A tense, Holocaust-inspired orchestral work by Henri Dutilleux followed by one of Mozart’s most chipper piano concertos on one half; a second half consisting of only the Beethoven Symphony no. 5. That's a strange enough combination on paper – and hearing it actually realized is stranger still. You have to wonder what they were thinking. And by “they” I mean whoever devised the oddball program that guest conductor Ludovic Morlot conducted last night with the Los Angeles Philharmonic.

Dutilleux, who celebrated his 97th birthday on 22 January, is without question a contemporary master; one of our greatest living composers. Mozart and Beethoven are, of course, Mozart and Beethoven. A Dutilleux and Beethoven dyad would have been an interesting musical illustration of “per aspera ad astra”. But the power of both works were diluted by sandwiching Mozart and an intermission between them. Morlot’s rambling traversal of the Beethoven symphony did no favors either.

Nevertheless, Dutilleux’s five-movement The Shadows of Time, which opened the concert, managed to be the program’s sole bright point, despite its somber subject matter. Though inspired by the 50th anniversary of the end of World War II and the discovery of the diaries of Anne Frank, the work, while often moody, never surrendered to despair, instead exuding a Ravelian brightness at times. Ravel, in fact, seemed never to be too far away in this music – albeit a Ravel tipsy on Expressionism and atonality, staggering uneasily amongst string glissandos and bent woodwind tones. The work’s central movement adds the color of three children’s voices intoning the phrases: “Why us? Why the star [of David]?” Yet in that child’s voice – and throughout the piece – could be heard something like a fragile optimism; an echo of the Anne Frank that once said “I have often been downcast, but never in despair.”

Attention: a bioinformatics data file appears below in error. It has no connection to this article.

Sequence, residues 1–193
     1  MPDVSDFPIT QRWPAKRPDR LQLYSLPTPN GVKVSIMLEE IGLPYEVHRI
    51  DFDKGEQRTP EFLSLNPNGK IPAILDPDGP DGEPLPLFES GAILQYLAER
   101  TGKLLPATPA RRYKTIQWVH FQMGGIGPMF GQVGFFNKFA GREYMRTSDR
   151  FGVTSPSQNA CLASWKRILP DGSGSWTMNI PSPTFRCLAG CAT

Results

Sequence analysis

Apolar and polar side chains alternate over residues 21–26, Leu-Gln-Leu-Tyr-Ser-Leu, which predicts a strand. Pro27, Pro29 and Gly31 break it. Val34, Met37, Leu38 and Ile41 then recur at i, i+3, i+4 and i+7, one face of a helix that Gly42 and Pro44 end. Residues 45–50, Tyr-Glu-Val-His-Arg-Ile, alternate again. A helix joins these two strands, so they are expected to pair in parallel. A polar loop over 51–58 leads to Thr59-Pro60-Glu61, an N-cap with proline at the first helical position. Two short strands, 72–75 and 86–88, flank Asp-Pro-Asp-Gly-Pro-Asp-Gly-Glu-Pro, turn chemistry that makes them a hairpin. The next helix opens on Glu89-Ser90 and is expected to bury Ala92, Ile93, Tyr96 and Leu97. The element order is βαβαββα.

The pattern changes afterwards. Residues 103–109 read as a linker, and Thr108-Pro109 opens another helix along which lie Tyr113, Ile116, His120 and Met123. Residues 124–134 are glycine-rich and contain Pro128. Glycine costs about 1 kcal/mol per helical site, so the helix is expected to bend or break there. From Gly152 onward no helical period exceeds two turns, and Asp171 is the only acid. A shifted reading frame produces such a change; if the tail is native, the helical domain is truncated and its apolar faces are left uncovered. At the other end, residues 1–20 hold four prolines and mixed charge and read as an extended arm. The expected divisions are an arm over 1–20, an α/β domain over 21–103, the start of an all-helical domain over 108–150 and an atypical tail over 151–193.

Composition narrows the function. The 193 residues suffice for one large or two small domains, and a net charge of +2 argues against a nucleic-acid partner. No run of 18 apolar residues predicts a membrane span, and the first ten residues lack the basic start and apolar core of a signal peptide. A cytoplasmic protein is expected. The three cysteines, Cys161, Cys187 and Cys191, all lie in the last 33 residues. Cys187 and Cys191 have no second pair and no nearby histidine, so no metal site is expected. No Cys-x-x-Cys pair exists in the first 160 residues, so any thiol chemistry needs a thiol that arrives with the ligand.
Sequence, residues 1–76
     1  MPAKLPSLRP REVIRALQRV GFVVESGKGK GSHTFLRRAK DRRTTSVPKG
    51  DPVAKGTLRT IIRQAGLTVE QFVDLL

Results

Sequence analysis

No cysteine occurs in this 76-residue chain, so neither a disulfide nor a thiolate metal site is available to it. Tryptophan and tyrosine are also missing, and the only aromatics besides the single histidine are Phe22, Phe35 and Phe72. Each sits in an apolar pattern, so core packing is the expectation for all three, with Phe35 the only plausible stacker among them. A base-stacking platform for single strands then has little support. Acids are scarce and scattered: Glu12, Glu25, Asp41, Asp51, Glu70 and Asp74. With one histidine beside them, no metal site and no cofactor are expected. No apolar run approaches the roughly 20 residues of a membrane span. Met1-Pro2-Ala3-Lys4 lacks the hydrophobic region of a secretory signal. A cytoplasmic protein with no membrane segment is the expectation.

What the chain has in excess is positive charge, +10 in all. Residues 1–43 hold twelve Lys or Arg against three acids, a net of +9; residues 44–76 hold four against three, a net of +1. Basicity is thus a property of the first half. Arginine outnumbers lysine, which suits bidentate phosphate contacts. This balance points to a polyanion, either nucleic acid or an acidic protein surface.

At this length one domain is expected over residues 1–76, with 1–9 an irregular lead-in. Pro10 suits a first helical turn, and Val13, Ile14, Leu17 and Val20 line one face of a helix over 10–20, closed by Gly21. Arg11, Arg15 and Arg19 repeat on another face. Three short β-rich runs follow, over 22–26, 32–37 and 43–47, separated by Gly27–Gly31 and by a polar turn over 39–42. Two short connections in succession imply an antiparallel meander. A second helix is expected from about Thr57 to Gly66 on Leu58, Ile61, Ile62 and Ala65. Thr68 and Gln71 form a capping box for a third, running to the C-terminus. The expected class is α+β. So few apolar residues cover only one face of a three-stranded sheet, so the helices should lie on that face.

Mozart’s Piano Concerto no. 25 belongs to a different expressive world altogether: breezy, cheeky, and shot through with sunlight. Morlot and the orchestra were fine partners, but this was really soloist Emanuel Ax’s show and he was clearly in control of the proceedings. His Mozart was a little cool, but had an immaculate patina.

After the intermission was the Beethoven Symphony no. 5. Artur Schnabel once said that Beethoven’s music was “better than it could ever be played”. His music is, in any case, better than Morlot’s limp conception of the music. Yes, the orchestra’s execution was flawless. But the danger in the music – Goethe did, after all, once refer to this symphony as a “danger to civilization” – was totally absent.